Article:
Friday, 11 a.m. - 12:30 p.m.
THE SIGNIFICANCE OF THE PARALLEL UNIVERSE
Chair: Bud Ebote, Georgia Tech.
Robert J. Ewald, Findlay College,
Worlds of Clifford Simak."
The motif of alternate worlds is predominant in
many of the novels and short stories of Clifford
Simak. These alternate worlds may be friendly or
inimical. Simak uses alternate worlds as a device
to explain time travel and to account for the
future progress of mankind. The motif of alternate
worlds has also provided Simak with a stylistic
device to allow his unique blending of science
fiction and fantasy genres in most of his works
since 1965 (although his use of parallel universes
extends back to the forties and the City series in
Melissa E. Barth, Appalachian State University, North
Carolina. "Seeing Parallels Where None Exist:
Breaking Fantasy's Magical Spell."
One species of parallel universe is the world of
fantasy; and the establishment of an illusion of
reality in that universe involves ground rules
similar to those of science fiction parallel
universes, but different in many ways from those
of mainstream fiction (or even other science fiction). This paper inspects the principles involved
in the "realism" of fantasy, using C.L. Moore's
story "Jirel Meets Magic" as example.
William M. Schuyler, University of Louisville.
My paper begins with a discussion of the way
philosophers have begun to talk about possible
worlds and how this approach has been used to deal
with the problem of truth in fiction: a statement
about what happens in a fiction which is not true
in our world may be said to be true if it is true
in some suitable possible world. However, a case
of special interest for fantasy and science fiction leads to difficult problems.
FRIDAY, MARCH 25
2-3:30 P. 11.
ITALIAN SCIENCE FICTION
Chair: Gaetano Cipolla, St. John's University, New
Mario Mignone, SUNY at Stony Brook. "Dino Buzzati and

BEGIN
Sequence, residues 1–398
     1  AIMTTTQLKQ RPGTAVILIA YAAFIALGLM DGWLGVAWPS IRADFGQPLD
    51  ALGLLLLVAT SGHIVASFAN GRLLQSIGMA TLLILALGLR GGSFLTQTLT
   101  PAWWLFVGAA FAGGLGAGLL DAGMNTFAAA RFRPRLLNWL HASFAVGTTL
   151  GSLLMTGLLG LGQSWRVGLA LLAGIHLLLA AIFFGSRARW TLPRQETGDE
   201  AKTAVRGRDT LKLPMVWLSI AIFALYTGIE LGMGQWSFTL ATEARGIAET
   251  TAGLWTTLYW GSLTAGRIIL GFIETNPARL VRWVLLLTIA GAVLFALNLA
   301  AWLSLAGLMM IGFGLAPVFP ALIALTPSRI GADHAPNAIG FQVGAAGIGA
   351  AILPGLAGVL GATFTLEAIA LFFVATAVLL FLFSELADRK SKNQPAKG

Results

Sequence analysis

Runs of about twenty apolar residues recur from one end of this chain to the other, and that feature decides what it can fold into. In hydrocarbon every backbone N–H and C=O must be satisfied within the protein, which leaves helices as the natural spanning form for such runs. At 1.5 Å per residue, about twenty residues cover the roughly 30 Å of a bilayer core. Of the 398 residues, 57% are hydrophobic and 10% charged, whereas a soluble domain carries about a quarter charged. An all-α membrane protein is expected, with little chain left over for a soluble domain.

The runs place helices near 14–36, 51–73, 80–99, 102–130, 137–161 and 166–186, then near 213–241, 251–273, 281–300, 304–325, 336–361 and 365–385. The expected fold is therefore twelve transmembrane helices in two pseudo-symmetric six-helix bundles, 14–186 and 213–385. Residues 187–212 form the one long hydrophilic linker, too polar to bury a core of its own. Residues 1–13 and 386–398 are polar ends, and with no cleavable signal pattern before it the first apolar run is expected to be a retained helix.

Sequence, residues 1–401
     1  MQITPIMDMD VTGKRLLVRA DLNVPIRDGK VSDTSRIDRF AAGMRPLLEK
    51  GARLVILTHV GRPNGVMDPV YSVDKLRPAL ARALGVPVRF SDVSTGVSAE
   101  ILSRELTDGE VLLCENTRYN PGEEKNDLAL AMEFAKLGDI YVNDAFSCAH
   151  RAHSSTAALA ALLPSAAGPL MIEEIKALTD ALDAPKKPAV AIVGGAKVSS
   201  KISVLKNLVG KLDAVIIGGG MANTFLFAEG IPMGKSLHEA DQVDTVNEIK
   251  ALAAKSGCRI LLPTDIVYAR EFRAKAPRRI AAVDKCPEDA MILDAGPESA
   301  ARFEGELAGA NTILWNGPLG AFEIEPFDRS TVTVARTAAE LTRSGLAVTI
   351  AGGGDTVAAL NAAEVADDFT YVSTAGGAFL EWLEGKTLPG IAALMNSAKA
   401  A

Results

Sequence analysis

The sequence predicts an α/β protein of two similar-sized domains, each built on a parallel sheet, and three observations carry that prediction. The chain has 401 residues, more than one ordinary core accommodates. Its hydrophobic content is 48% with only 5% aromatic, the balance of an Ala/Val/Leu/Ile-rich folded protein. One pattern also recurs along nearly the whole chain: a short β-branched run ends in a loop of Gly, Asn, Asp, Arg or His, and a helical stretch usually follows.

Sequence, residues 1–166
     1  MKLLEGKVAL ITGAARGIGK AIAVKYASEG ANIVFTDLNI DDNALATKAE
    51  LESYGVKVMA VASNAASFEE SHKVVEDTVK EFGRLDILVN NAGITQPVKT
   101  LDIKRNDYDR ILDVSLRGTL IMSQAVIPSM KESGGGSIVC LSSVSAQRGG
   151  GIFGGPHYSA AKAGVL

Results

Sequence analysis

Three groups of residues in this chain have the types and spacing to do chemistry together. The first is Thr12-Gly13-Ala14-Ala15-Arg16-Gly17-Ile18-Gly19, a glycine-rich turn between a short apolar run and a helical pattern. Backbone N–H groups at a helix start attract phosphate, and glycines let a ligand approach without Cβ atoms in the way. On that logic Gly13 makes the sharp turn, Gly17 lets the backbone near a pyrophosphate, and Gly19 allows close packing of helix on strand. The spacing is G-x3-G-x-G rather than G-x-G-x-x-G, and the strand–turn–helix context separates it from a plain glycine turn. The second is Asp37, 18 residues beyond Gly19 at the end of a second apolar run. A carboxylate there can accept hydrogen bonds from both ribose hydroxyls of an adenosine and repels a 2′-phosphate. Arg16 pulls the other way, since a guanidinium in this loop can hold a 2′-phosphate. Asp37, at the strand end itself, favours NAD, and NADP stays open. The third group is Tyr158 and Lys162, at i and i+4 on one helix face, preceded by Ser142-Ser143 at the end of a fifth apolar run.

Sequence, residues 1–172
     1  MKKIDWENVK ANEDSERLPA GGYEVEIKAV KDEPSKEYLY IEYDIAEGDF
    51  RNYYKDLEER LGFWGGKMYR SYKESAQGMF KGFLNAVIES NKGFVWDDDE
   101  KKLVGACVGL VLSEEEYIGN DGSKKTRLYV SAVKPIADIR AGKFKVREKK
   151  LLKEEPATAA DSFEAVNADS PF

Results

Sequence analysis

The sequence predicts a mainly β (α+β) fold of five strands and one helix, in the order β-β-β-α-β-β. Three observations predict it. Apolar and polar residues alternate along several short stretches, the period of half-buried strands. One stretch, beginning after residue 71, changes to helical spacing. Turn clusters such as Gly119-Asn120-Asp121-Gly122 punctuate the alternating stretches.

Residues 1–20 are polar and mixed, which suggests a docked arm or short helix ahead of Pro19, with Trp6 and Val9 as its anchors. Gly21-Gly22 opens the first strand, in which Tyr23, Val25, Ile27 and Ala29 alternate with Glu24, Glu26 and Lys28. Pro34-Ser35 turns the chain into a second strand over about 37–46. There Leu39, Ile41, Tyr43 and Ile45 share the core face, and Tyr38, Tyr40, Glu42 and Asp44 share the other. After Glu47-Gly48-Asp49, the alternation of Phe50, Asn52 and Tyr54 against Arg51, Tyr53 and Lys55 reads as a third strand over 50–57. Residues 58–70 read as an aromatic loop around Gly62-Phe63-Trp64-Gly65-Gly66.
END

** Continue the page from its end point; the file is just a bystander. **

Modern Italian Science Fiction."
The multitude of science fiction books, conferences, and magazines to be found in Italy today
testifies that Italian fantascienza is very much
alive. Some writers have achieved literary distinction solely as writers of science fiction;
others have taken the path of science fiction to
strengthen their field of expression. In Larger
Than Life, Buzzati's only true science fiction
novel and one of the best in Italy, while retaining the best qualities of his earlier works — the
human concerns, the sense of mystery and the unknown — the author probes the theme of the
stifling effects of technology on contemporary
society and shows how destructive science and
technology can be when capriciously applied.
Gaetano Cipolla, St. John's University, New York.
"Jung In Venice: Gasparini's "La Donna Immortale."
Italian science fiction writers no longer write
about giant insects infesting Texas: they have
come home! Gasparini's tale is set in Venice.
They have also projected their search inwardly,
rather than to the stars, and there they find a
reality older than time: the great mother. This
paper will analyze the Jungian elements present in
THE FANTASTIC IN THE WORKS OF EDGAR ALLAN POE I
Chair: Richard Kopley, Illinois State University.
Jean Lorrah, Murray State University, Kentucky. "A
Progression of Horror in Four Stories by Edgar
Perverseness causes the narrators of four Poe
stories to commit seemingly incomprehensible murders. The four stories — "The Black Cat," "The
Tell-Tale Heart," "The Imp of the Perverse," and
"The Cask of Amontillado" — show a distinct progression in the narrators' attitudes from denial
to acceptance, thus leading the reader into a confrontation with the horror of his own perverseness.
Joseph Francavilla, SUNY/Buffalo. "Poe's Perversity
and the Split Narrative 'I,' or How Not To Tell A
Poe's theory of perverseness, defined in "The
Black Cat" as "the unfathomable longing of the
soul to vex itself," and further developed in "The
Imp of the Perverse," is a pervasive aesthetic
device which effects a division within the first-
person narrators in the above tales and in "The
Tell-Tale Heart." Both in the form and in the
content of these confessional stories the three
traits of perversity can be detected: intentional
circumlocution, procrastination, and self-annihilation. The narrators become torn between the
desire to be brief and to be circumlocutory, to
tell the story and not to tell the story.
Benjamin Franklin Fisher IV, The University of
Mississippi. "Fantasy Figures in Poe's Poems."
Figures, particularly female figures, abound in
Poe's verse. Often they reveal much about the
"voices" in the works when such poems are not,
strictly, narratives. "Sonnet — To Science," "To
Helen," and "To One in Paradise" may be considered
representative. In the first, ambiguities increase
when we consider ramifications of the fantasy-
creation for "Science" being feminine. Just so,
fantasy heightens in "To Helen," wherein the contemplation of tangible art work leads the speaker